This wastewater desalination plant fits in a 40-foot tractor-trailer.
"You just drop it down, connect it to electricity, run wastewater through a hose into the machine, and out the other end is drinking water," said Richard Papalian, chief executive of Sionix Corp.
The plant is called Sionix Elixir System, a water purifier based on technology primarily used in Europe. The company has honed it over a decade of research and development, during which time the company filed 10 patents for water purification.
It works this way: Dirty water is pumped into a tank and oxygen is injected into the water from below. The resulting bubbles bring impurities to the top, creating a foamlike layer, which is then discarded. The process is called Dissolved Air Flotation.
"You look at the green, brown or dark water and it doesn't look like it's got solids in it," Papalian said. "But this process takes suspended impurities out of the water, creating a very, very thick foam, like shaving cream. You skim it off the top, and water out the other end is usable."
It isn't drinkable until the water undergoes another process where it is treated with reverse osmosis and ionization. The technology is awaiting approval by the Environmental Protection Agency.
The portable water purifier is now on Villa Park Dam in Orange County. The water behind the dam mountain runoff has concentrations of iron and magnesium that are too high for the Serrano Water District's processing plant. The Sionix technology, still in its pilot stage, dilutes the iron and magnesium content to a level that allows processing.
Papalian, a serial entrepreneur based in Pacific Palisades, has recently taken over Sionix Corp. Seven hydrology and geology professors, mostly at California State University, Fullerton, work for the company. Sionix has $15 million in shareholder investments but has not secured major contracts yet.
The company has recruited actor Don Johnson to create a promotional video targeting international health organizations that could potentially bring the technology to Third World countries with scarce clean water supplies.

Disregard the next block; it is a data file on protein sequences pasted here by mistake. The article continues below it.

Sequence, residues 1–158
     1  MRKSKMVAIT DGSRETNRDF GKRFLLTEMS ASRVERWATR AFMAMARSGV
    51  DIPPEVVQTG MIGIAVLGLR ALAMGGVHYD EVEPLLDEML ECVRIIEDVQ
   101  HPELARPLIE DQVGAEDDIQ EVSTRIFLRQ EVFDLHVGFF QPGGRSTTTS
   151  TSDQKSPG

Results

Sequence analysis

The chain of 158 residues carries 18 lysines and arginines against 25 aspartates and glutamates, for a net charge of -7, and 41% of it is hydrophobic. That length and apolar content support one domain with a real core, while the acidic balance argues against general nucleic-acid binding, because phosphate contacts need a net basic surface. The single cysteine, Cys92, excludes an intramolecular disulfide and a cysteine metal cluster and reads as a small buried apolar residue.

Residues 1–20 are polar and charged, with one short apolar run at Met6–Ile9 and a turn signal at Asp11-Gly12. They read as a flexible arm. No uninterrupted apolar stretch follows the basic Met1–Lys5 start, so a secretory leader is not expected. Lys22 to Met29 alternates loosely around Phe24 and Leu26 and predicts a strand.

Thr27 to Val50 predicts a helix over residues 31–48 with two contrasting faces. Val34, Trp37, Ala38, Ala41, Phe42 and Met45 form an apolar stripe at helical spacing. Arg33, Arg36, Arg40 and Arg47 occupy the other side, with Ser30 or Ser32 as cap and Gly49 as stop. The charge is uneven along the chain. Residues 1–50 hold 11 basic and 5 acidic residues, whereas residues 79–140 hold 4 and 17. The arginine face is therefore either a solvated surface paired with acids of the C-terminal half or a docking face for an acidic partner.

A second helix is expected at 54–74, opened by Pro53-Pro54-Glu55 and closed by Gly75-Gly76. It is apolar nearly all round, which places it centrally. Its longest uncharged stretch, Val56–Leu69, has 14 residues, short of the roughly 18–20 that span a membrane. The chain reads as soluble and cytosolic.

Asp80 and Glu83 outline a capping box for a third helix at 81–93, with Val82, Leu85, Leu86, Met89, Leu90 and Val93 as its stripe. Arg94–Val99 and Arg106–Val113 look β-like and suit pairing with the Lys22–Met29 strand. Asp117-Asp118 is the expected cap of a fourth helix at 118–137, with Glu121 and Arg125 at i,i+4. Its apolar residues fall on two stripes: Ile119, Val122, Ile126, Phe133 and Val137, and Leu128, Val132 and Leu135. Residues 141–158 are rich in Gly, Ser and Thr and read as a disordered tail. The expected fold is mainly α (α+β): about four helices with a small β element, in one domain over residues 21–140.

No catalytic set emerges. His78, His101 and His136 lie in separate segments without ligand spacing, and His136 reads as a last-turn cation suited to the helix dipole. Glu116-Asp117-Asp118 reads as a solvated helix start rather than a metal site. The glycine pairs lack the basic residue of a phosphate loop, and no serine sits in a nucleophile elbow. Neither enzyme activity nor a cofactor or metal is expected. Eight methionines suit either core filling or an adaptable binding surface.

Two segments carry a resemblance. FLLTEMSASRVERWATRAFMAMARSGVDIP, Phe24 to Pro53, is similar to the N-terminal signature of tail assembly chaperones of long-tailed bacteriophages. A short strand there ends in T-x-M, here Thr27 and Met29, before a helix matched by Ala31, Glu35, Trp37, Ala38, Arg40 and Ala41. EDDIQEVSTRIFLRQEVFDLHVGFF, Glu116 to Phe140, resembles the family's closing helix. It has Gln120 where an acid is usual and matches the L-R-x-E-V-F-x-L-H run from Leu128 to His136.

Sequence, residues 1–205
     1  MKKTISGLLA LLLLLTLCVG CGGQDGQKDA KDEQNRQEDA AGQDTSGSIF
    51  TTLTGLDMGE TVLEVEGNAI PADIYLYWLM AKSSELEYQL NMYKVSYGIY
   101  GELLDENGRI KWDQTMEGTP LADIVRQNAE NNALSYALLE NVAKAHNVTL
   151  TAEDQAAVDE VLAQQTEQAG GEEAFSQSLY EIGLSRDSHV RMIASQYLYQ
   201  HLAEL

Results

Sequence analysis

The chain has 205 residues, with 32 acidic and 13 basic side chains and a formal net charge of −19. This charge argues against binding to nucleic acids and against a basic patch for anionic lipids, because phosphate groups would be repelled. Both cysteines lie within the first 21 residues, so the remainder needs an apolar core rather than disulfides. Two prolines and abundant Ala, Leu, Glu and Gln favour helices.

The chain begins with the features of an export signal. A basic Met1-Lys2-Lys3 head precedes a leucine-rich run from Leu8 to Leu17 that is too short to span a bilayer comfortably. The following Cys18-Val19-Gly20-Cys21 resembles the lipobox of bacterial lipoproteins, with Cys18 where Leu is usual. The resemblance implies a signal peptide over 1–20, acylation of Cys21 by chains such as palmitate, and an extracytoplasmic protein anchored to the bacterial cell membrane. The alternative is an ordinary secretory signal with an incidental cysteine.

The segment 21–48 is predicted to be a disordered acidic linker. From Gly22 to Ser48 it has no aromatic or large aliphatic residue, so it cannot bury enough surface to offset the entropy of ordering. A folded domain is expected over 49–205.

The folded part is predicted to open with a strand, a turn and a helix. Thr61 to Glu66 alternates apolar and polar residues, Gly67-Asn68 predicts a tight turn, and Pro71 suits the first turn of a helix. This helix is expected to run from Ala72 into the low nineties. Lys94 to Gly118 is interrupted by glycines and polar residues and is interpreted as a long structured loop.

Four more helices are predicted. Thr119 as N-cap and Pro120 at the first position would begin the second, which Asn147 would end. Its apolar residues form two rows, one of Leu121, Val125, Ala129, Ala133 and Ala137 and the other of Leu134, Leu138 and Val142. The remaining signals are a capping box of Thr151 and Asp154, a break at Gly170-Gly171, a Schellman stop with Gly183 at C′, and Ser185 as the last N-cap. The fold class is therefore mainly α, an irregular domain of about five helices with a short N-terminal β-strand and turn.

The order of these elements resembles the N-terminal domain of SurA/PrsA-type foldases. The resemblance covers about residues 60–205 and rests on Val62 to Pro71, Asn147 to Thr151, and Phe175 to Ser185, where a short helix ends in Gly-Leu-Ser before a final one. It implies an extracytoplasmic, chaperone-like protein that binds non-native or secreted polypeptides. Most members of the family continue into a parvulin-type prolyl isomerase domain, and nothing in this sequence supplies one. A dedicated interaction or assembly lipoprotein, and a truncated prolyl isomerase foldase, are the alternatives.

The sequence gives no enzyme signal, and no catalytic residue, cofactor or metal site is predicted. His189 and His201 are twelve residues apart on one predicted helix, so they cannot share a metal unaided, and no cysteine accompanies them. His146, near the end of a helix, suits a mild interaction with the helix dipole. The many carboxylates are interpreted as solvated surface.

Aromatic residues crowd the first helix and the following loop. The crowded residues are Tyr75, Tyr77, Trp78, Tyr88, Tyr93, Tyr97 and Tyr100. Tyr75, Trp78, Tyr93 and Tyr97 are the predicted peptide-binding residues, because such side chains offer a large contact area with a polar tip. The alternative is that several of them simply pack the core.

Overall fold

Cornerstone OnDemand Inc.'s Internet-based software will streamline human resource management for the world's largest exporter of turkey products Butterball LLC.
Butterball is one of a number of national and international companies contracting with the Santa Monica-based technology company.
The eight-year-old company also provides service to Aon, Barnes & Noble, DirecTV, Honda and Smith Barney. Its online software tools provide digital orientations for new employees, document yearly performance reviews online, manage organization charts and offer 30,000 different types of online training sessions.
"Cornerstone allows us to automate the way we manage our talent," said Beverly Hinson, Butterball's director of organizational development and training. "We're a large organization and the technology will help us save time and administrative costs."
Last year, Cornerstone received $32 million in venture funding from Bessemer Partners and Bay Partners. The company used those funds to open offices in Paris; London; Munich, Germany; and Tel Aviv, Israel. The company now has 140 employees, compared with 65 a year ago.
Video game publisher THQ Inc.'s decision to acquire Maryland-based development studio Big Huge Games is not a huge surprise.
The company has made nine acquisitions of studios in the past eight years, including Volition Inc., developers of hit game "Saints Row," in 2000, as well as Juice Games of racing title "Juiced" and Paradigm Entertainment, makers of "Stuntman," both in 2006. Chief Executive Officer Brian Farrell has said previously that this pace will continue.
The financial terms of THQ's purchase of Big Huge Games were not disclosed. The studio has developed mostly role-playing games such as "Rise of Legends," "Age of Empires: The Asian Dynasties" and "Catan." The 100-person studio was founded in 2000.
NTI Group, which sends mass telephone and e-mail alerts for schools, was recently scooped up for $182 million.
Not a bad deal for a six-year-old startup, which has grown significantly as school shootings have increased over the years. Last year, it brought in $30 million in revenue.
Washington, D.C.-based educational software maker Blackboard Inc.'s acquisition of NTI Group makes sense. Blackboard makes electronic keycards for dorms and educational software for universities that makes lectures accessible online. NTI Group disseminates emergency and other urgent messages for mostly K-12 schools.
Together, the two companies cover the entire spectrum of educational institutions from K-12 schools to universities.
"It's an amazing fit," said Natasha Rabe, chief business officer at NTI Group. "It's a great opportunity to expand our opportunities and take advantage of our strength in K-12 and their strength in higher ed."
Blackboard projects revenues of up to $284 million next year, exclusive of the NTI acquisition.
Staff reporter Booyeon Lee can be reached at (323) 549-5225, ext. 230, or at
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